There are constraints when establishing a GRAT that are important to consider. Annuity payments can only be received after the anniversary date each year, which could cause cash flow constraints. If considering funding with privately held assets, a third party valuation is needed on an annual basis and at the end of the term, which can be expensive. It’s also important to remember GRATs are funded with a lump sum value of assets and cannot accept additional contributions. There are also costs to establishing a GRAT which include the initial fees for establishing the GRAT, establishing a trust for residual distributions and filing a gift tax return.
A GRAT could fail if the grantor dies within the term because the assets would go back to the grantor’s taxable estate and the beneficiary receives nothing.
Lastly, GRAT assets passed to beneficiaries retain the grantor’s original cost basis. As such, there could be capital gains tax implications for the beneficiary when the assets are sold. Your beneficiaries may end up paying more in taxes in comparison to traditional methods such as a step-up in basis at the owner's death.
To implement a successful GRAT, please work with your Kovitz Wealth Advisor, tax professional and estate attorney to assess the following considerations. First, the assets selected for GRAT funding need to be clear of obligations in the near-term. It’s often wise to add cash within the account for fees and administration expenses to avoid selling holdings to cover these costs.
When deciding between outright gifts to your beneficiaries versus establishing a GRAT, typically larger GRATs are found to be more effective because if small, the end-of-term appreciation amount to the beneficiary is likely to be small and using your annual gift exclusion of $16K single / $32K married couple for 2022 may be more cost-effective.
There can also be a timing component of establishing a GRAT in times of volatility. This is done by creating a GRAT within the current historically low Section 7520 rate environment before a potential future increase takes effect since the rate is adjusted monthly. Obtaining a low hurdle rate creates a lower bar that the GRAT assets need to appreciate above. We expect market volatility to increase as the Fed plans to cease quantitative easing in March and steadily increase interest rates throughout the year, while balancing the impact of a global pandemic. Which means that if you time the funding of a GRAT with the event of a market downturn, you will take advantage of highly appreciable assets starting at a depressed amount.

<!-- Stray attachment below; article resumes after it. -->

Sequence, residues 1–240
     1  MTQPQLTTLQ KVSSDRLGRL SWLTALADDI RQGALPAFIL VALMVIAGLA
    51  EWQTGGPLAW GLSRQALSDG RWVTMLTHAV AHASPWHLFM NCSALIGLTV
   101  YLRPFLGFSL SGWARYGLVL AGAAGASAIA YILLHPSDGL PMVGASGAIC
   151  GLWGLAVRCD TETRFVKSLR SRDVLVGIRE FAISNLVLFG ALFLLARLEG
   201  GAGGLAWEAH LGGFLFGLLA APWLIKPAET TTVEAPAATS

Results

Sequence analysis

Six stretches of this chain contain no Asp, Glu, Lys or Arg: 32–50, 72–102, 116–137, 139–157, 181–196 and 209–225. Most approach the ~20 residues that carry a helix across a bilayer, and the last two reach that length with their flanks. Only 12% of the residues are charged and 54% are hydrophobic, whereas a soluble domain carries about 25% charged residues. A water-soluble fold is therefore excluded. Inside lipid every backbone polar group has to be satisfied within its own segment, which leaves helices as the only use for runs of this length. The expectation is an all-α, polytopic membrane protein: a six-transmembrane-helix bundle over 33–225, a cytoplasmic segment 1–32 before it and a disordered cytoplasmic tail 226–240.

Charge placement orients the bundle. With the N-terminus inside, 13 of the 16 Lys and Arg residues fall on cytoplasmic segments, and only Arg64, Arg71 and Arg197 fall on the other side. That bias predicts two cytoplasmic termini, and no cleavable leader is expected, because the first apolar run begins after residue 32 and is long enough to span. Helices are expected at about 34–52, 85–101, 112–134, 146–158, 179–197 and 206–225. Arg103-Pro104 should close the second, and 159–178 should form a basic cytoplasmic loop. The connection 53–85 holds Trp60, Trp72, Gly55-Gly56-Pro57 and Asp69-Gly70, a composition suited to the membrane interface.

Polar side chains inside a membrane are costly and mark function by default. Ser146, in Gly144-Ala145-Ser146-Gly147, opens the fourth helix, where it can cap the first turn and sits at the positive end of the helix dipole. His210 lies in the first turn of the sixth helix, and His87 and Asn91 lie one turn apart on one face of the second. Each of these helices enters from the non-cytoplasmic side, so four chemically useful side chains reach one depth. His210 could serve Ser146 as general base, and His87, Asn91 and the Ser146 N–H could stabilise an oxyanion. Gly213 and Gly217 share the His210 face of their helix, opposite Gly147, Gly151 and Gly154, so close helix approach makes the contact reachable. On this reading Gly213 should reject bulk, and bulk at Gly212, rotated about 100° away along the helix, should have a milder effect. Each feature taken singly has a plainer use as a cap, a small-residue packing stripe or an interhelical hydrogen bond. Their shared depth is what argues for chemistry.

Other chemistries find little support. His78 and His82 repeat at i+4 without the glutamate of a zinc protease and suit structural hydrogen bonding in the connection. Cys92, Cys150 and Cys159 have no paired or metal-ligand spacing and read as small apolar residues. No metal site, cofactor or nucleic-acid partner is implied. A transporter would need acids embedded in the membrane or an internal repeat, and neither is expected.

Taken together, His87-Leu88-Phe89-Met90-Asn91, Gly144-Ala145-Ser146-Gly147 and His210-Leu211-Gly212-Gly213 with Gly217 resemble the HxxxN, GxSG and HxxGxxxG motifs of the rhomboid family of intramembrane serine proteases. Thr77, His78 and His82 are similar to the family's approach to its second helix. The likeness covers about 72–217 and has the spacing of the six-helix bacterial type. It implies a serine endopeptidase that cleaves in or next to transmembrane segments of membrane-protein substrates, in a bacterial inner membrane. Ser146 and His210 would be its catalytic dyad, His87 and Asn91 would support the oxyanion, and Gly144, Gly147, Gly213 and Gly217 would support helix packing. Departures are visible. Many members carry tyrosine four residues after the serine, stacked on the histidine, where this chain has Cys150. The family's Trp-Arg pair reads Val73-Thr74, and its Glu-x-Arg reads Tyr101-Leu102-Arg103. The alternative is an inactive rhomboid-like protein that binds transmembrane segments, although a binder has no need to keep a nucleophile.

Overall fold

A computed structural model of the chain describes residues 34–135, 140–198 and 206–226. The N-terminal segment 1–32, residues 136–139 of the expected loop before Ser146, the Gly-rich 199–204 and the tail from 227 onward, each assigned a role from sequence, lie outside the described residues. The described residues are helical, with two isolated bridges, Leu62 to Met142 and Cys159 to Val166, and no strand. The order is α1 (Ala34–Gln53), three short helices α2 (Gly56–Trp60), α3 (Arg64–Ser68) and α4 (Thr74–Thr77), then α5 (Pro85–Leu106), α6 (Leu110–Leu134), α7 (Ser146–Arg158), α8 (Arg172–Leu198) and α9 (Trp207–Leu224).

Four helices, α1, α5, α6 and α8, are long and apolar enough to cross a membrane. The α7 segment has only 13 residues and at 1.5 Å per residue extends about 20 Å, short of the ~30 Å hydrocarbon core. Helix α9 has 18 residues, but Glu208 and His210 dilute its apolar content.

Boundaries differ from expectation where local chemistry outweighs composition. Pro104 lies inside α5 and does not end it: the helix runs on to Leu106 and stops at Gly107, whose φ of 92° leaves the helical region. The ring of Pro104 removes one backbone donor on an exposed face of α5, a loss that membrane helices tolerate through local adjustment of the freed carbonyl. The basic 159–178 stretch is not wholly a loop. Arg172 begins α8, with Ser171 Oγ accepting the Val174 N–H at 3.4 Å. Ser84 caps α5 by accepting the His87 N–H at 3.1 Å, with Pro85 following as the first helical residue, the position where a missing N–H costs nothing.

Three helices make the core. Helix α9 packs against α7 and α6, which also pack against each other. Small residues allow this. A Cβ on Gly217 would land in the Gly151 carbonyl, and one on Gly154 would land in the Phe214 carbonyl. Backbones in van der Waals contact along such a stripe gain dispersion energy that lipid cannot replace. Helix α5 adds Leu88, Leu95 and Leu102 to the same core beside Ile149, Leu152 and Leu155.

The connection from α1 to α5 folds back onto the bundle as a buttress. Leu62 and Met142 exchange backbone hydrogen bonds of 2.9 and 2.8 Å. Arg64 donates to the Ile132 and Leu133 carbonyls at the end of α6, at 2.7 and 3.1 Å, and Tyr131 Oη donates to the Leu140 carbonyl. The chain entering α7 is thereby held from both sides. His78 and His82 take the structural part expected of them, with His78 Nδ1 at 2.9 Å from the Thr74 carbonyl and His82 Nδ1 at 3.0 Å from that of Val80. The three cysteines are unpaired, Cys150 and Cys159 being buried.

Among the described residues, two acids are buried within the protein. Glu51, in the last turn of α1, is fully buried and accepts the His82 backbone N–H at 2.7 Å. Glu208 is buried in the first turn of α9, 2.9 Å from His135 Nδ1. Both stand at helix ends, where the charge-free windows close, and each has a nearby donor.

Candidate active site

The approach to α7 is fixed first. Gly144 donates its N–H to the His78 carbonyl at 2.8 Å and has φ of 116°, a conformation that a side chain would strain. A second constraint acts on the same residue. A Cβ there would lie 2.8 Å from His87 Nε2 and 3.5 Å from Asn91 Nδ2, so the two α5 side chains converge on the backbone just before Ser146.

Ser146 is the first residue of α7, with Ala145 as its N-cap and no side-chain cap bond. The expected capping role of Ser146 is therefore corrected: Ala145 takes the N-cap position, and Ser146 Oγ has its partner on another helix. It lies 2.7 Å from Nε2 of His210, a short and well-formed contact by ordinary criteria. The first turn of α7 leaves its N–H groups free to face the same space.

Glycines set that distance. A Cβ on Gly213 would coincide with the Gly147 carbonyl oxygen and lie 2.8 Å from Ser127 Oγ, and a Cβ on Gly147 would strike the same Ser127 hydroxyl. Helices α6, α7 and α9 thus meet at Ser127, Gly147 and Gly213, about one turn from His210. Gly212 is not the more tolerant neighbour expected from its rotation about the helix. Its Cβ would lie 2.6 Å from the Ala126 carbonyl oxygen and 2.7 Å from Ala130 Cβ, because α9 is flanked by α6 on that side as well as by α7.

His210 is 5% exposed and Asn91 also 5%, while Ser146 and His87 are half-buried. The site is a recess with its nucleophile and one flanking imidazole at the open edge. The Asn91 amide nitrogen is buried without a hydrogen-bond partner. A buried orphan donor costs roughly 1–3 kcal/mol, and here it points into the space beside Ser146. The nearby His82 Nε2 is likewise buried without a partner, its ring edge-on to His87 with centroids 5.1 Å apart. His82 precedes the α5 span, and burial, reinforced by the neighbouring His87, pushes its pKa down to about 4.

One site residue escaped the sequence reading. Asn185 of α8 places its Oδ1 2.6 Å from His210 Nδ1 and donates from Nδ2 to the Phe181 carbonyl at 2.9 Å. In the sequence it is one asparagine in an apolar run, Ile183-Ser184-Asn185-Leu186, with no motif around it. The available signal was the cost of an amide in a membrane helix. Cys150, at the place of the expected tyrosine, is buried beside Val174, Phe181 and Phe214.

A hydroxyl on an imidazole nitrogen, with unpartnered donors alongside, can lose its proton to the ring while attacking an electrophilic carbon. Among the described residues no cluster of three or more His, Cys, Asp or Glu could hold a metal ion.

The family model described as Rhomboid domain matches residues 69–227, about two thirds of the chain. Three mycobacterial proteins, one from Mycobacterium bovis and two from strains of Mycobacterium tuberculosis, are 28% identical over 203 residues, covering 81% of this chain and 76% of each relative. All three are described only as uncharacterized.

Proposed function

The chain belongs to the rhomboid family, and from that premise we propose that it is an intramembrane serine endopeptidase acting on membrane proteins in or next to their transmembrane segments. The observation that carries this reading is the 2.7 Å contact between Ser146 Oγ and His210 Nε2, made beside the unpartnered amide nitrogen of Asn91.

Ideally, you want to fund a GRAT with easy to value assets with high appreciation potential such as publicly-traded stock. Remember, even if the stock price falls and the GRAT fails (i.e., no appreciation is available to pass along to your beneficiaries), the shares would be given back to the grantor as if the GRAT never existed. Heads you win, tails you tie.
Your Kovitz Wealth Advisor, Estate Planning Attorney and Tax professional can help you decide whether this estate planning technique makes sense for you. Given the economic environment, this may be an optimal time to transfer significant amounts of wealth to your family members using this tax-efficient tool.